Record number of African refugees and migrants cross the Gulf of Aden in 2012
This is a summary of what was said by UNHCR spokesperson Adrian Edwards – to whom quoted text may be attributed – at the press briefing, on 15 January 2013, at the Palais des Nations in Geneva.
A record 107,500 African refugees and migrants made the dangerous journey from the Horn of Africa to Yemen in 2012. This is the largest influx into Yemen since 2006 when UNHCR began compiling these statistics. The previous record high was in 2011 when more than 103,000 people arrived in Yemen by sea.
Eight of every ten arrivals last year were Ethiopian nationals (over 84,000 arrivals), while Somali refugees constituted the rest. Many migrants use Yemen as a transit stop en route to other Gulf States.
Despite economic and security difficulties, Yemen has continued to receive and host a record number of people fleeing the Horn of Africa in search of safety, protection and better economic conditions.
All Somali arrivals are automatically recognized as refugees by Yemeni authorities. UNHCR conducts refugee status determination for Ethiopians and other nationalities seeking asylum in Yemen. A very low percentage of Ethiopian arrivals decide to seek asylum in Yemen, partly due to a lack of awareness and access to asylum mechanisms, or do not meet the criteria to be recognized as refugees. However, for the vast majority of Ethiopian migrants protection space is nearly non-existent and they are often extremely vulnerable.
In Yemen, our teams and our Yemeni partners do daily patrols of the beaches to provide assistance to all new arrivals that pass through strategically positioned reception and transit centres. However, there are substantial difficulties in responding to the various protection risks that new arrivals face in transit and upon arrival in Yemen. Boats crossing to Yemen are often packed beyond capacity and smugglers, in order to avoid the Yemeni coast guard, force passengers into the water, often far from the shores and with tragic consequences. Some exhausted passengers are unable to swim and drown. It’s estimated that at least some 100 people drowned or went missing in various incidents and shipwrecks in the Gulf of Aden and the Red Sea in 2012.
New arrivals also are exposed to exploitation, violence and sexual abuse. The situation is particularly difficult along the Red Sea coast where the strong network of smugglers and traffickers in Yemen and their counterparts at sea limits UNHCRs ability to reach new arrivals. Yemeni smugglers and traffickers are often waiting on the coast to receive new arrivals. Traffickers mainly target Ethiopian nationals looking to travel onwards to other Gulf states.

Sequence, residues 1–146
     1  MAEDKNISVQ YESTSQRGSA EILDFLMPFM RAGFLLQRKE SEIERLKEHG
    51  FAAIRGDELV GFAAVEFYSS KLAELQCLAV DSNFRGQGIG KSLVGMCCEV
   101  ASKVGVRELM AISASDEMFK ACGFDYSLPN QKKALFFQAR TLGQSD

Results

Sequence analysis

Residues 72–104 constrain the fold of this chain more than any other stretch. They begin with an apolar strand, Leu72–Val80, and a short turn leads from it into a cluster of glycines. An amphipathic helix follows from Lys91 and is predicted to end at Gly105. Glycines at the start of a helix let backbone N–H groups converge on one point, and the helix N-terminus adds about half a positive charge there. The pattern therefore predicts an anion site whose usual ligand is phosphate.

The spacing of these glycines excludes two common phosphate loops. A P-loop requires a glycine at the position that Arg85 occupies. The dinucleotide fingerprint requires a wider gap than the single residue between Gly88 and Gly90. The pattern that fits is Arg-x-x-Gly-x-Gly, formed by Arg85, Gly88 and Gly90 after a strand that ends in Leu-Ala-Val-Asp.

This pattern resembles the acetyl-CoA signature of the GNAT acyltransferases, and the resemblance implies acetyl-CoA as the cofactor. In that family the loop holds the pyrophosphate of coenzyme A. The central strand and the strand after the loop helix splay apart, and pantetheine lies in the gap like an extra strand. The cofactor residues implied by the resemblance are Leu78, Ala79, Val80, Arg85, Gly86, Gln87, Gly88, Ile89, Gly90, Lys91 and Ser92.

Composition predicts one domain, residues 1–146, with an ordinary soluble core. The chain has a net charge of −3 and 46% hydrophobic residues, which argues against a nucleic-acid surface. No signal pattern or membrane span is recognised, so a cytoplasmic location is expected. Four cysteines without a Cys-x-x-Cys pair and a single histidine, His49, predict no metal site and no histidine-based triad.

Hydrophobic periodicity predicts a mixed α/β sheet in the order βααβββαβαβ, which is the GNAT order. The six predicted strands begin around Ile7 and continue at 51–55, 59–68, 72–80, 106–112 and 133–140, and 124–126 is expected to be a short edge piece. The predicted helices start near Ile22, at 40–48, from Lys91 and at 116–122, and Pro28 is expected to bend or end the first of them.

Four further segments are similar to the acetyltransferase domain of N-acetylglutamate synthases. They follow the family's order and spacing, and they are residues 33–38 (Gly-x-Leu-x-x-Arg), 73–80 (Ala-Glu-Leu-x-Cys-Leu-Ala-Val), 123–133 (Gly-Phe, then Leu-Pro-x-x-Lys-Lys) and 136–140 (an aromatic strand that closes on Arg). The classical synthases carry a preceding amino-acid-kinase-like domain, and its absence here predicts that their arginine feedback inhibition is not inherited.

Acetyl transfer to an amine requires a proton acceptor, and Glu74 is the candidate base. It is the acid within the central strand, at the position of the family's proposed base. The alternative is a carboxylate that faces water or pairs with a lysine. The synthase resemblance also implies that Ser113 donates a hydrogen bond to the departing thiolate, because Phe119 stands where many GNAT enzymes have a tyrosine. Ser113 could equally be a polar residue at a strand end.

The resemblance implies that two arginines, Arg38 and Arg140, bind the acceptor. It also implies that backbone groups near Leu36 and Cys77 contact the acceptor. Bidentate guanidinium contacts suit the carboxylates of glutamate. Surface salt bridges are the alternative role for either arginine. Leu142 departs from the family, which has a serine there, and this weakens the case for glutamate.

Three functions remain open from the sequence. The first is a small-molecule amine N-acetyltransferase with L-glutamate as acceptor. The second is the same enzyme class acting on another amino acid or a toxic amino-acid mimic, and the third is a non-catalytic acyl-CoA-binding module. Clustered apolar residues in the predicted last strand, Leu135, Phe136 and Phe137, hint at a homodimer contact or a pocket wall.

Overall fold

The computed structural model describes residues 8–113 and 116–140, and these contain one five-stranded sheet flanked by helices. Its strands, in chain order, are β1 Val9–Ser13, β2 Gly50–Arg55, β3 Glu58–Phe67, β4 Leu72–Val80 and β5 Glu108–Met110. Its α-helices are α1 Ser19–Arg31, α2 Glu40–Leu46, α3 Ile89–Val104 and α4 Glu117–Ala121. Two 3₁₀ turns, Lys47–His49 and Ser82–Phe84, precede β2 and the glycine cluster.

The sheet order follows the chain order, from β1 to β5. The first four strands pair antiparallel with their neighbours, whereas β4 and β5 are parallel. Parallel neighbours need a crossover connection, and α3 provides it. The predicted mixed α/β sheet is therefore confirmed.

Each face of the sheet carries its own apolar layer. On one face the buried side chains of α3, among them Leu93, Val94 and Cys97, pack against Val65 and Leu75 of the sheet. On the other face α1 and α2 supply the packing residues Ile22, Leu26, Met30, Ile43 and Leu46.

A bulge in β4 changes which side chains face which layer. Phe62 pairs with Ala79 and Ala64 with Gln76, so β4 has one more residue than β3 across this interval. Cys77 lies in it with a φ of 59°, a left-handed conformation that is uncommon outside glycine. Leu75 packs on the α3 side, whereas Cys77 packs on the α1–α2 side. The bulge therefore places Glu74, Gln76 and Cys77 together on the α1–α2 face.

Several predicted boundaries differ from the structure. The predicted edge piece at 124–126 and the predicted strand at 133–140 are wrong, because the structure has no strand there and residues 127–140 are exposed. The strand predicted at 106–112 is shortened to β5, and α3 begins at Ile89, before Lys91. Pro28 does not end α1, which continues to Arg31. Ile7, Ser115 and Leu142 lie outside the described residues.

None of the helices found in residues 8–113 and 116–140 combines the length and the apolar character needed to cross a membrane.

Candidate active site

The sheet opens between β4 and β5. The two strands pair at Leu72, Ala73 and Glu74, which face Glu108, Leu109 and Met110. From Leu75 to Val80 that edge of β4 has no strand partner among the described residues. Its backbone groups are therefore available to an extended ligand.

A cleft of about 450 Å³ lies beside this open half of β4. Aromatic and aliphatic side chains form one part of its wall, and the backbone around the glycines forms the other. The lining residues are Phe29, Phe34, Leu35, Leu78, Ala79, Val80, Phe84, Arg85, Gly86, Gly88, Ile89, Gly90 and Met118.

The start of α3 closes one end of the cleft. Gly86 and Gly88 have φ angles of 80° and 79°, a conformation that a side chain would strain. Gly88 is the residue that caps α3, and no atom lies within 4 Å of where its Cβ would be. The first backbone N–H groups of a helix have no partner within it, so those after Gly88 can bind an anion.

Conflict and instability in the north and south of the country have curbed the ability of Yemeni authorities to address trafficking. In 2012 there was a proliferation in smuggling and trafficking, and a significant increase in reported cases of violence and abuse perpetrated against new arrivals. The increased presence of criminal and armed gangs of smugglers and traffickers is an additional risk to our staff and staff of our implementing partners.
The continually growing mixed migration movement from the Horn of Africa is an issue affecting the region beyond Yemen. We welcome the decision of the authorities in Sana’a to host a regional conference this year with UNHCR as part of wider efforts to develop a strategy to manage the flow of mixed migrants, and prevent and reduce smuggling and trafficking in the region.
Yemen is a historic transit hub for migrants and stands out in the region for its hospitality towards refugees. The country currently hosts over 236,000 refugees, virtually all of them of Somali origin. There are also more than 300,000 internally displaced Yemeni civilians in the north due to recurring conflict since 2004.
Meanwhile in the south, more than 100,000 IDPs have returned to their areas of origin in Abyan governorate as the conflict subsided and the conditions improved. UNHCR has been advocating with the government and international community to ensure sustainability of these returns. In order to meet the needs of the returning IDPs, UNHCR airlifted from Kenya to Aden emergency relief items such as blankets, plastic sheets and sleeping mats on 30 December 2012. The airlift and the further assistance arriving by sea will assist some 30,000 most vulnerable Yemeni families to start anew.
For more information on this topic, please contact:
- In Yemen, Edward Leposky on mobile +967 71 222 4022
- In Geneva: Andrej Mahecic on mobile +41 79 200 7617